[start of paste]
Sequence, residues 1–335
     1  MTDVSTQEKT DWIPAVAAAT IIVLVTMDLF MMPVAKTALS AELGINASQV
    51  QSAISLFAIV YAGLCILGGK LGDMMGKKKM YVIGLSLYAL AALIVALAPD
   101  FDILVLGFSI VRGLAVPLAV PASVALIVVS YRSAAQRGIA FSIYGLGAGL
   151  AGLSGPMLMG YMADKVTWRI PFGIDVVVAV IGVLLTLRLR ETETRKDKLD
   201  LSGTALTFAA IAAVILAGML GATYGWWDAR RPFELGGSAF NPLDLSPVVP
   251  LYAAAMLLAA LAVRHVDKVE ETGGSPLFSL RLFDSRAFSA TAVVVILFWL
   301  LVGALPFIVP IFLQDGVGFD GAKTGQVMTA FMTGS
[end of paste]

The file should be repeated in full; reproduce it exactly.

Sequence, residues 1–335
     1  MTDVSTQEKT DWIPAVAAAT IIVLVTMDLF MMPVAKTALS AELGINASQV
    51  QSAISLFAIV YAGLCILGGK LGDMMGKKKM YVIGLSLYAL AALIVALAPD
   101  FDILVLGFSI VRGLAVPLAV PASVALIVVS YRSAAQRGIA FSIYGLGAGL
   151  AGLSGPMLMG YMADKVTWRI PFGIDVVVAV IGVLLTLRLR ETETRKDKLD
   201  LSGTALTFAA IAAVILAGML GATYGWWDAR RPFELGGSAF NPLDLSPVVP
   251  LYAAAMLLAA LAVRHVDKVE ETGGSPLFSL RLFDSRAFSA TAVVVILFWL
   301  LVGALPFIVP IFLQDGVGFD GAKTGQVMTA FMTGS